365 days of celebration


National Welsh Rarebit Day

Posted by Brittany

National Welch Rarebit DayWelsh rarebit is a savory dish made by serving a melted cheese sauce over hot toast. It’s name originates from 18th century Britain, and was originally “welsh rabbit” in spite of the recipe’s meatless makeup. The name was possibly offered for it’s irony, since the Welsh were generally poor during that time and cheese was considered the poor Welsh man’s meat. At any rate, as Michael Quinion observed, “rabbit here is being used the the same way as ‘turtle’ in ‘mock-turtle soup’, …or ‘duck’ in ‘Bombay duck’.” Over time, the name was erroneously transformed to “Welsh rarebit,” with the Oxford English Dictionary describing the change as an “etymologizing alteration.” No matter the history of it’s name, September 3rd is National Welsh Rarebit Day, and the perfect opportunity to whip up this simple and delicious dish.

There are several variations of Welsh rarebit (buck rarebit features a poached egg, and a Welsh rarebit blended with a tomato base is called a “Blushing Bunny”) but Chris and I decided to cook up a traditional recipe for our first time making this dish. When I started searching for a recipe I was surprised to find a proliferation of information about Welsh rarebit — how had I made it through my entire life without ever hearing of it? But a quick glance of the ingredients told me everything I needed to know: as a cheese lover I knew this was going to turn out to be a great “unofficial.” I picked a recipe, and Chris and I headed to the grocery store.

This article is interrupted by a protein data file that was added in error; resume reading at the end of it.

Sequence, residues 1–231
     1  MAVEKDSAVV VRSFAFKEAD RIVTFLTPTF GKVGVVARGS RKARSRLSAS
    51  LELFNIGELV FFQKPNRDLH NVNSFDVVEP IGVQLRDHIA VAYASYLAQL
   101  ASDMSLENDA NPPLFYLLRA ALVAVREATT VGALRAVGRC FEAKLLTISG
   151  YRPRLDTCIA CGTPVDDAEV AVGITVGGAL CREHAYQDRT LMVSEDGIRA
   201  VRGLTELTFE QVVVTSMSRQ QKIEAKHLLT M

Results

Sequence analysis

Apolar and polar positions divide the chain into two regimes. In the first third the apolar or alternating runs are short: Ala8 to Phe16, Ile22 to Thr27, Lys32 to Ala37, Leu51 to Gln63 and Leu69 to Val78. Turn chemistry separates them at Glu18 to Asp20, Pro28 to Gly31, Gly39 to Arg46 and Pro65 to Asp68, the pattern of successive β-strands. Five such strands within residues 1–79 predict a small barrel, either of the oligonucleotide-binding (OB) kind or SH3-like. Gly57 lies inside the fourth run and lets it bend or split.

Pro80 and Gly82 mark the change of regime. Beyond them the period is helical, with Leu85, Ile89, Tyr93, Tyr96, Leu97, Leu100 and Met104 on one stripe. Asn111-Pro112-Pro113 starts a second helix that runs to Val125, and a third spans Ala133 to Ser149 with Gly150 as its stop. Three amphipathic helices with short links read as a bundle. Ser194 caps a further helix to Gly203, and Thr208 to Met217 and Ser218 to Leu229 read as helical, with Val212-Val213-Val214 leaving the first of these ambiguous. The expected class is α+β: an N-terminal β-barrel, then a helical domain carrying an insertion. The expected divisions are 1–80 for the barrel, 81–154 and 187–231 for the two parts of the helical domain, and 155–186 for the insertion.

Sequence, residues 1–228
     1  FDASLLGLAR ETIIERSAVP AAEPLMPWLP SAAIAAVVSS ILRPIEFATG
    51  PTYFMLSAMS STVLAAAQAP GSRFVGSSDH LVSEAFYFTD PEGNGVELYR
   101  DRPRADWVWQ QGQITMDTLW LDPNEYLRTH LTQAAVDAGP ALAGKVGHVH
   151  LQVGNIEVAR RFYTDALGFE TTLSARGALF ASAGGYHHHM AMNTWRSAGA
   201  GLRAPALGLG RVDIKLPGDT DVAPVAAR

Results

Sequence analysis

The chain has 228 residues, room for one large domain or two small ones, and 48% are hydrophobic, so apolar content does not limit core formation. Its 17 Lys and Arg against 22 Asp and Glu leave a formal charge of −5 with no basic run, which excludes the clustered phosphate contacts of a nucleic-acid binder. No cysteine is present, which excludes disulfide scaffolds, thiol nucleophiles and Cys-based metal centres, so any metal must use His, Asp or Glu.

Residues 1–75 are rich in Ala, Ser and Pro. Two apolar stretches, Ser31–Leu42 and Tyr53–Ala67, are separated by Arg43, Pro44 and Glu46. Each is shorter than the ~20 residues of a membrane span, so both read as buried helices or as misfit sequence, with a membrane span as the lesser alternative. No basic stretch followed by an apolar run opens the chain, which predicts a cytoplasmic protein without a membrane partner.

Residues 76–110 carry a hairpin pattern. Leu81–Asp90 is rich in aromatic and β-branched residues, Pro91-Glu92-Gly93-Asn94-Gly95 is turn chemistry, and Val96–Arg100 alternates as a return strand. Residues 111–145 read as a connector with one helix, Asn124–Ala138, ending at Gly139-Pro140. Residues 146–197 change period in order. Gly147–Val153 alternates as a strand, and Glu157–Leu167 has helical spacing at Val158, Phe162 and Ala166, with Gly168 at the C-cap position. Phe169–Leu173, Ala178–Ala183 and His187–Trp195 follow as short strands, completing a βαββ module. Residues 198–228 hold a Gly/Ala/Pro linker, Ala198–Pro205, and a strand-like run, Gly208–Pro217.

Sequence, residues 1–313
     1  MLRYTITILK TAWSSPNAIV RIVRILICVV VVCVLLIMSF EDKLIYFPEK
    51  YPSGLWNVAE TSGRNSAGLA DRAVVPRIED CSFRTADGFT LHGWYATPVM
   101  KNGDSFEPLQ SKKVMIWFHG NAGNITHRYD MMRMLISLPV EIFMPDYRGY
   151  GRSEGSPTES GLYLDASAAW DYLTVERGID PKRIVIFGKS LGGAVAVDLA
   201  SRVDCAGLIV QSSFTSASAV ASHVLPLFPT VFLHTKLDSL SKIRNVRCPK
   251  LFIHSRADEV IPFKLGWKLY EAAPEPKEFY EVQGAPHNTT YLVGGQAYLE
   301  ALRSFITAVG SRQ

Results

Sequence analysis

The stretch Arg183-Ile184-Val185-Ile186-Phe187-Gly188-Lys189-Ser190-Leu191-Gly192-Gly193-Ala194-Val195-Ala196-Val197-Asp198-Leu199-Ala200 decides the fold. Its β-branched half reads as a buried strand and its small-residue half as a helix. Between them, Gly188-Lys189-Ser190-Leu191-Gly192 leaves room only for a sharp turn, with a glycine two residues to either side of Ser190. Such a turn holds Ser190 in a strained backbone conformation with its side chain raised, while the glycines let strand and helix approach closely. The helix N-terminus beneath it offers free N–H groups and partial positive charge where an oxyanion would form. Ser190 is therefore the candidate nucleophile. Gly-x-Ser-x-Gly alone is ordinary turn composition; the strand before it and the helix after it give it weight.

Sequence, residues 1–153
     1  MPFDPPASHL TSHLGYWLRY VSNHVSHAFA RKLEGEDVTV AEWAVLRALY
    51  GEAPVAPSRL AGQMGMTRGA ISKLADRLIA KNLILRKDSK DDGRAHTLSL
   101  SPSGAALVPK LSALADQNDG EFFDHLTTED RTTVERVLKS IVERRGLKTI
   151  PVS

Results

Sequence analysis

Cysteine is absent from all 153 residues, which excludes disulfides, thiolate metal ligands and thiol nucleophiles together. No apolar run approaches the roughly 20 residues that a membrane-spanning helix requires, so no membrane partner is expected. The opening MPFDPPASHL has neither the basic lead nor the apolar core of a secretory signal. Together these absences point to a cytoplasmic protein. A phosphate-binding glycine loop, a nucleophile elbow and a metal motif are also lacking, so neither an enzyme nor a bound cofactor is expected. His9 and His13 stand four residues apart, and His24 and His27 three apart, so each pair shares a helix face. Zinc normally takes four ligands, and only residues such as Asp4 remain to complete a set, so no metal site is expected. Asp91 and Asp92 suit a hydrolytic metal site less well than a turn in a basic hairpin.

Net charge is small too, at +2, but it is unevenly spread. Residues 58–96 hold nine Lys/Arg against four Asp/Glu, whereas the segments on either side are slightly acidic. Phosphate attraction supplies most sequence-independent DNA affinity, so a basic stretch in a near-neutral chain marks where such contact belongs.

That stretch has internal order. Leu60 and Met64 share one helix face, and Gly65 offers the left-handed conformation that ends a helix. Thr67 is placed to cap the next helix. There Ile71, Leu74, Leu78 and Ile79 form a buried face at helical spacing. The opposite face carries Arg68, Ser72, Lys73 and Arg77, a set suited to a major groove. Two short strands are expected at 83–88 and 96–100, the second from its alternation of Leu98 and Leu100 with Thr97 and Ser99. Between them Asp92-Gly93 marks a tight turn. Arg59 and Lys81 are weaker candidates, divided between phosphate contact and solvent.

The recipe we chose was simple and I was glad to find that we already had most of the ingredients (butter, flour, Dijon mustard, Worcestershire sauce, salt, pepper, beer, heavy cream, shredded Cheddar, hot sauce, and rye bread) on hand. But one thing we did have to buy was a good porter beer. We ended up getting a bottle of Samuel Smith’s Oatmeal Stout — Chris and I have both had it before, and he particularly enjoyed it, so we knew that the extra bit leftover wouldn’t go to waste. And once we got home, cracked that bottle open, and poured it into the warm saucepan, the kitchen filled with a glorious smell. For someone who doens’t really enjoy drinking beer, I really love cooking with it!

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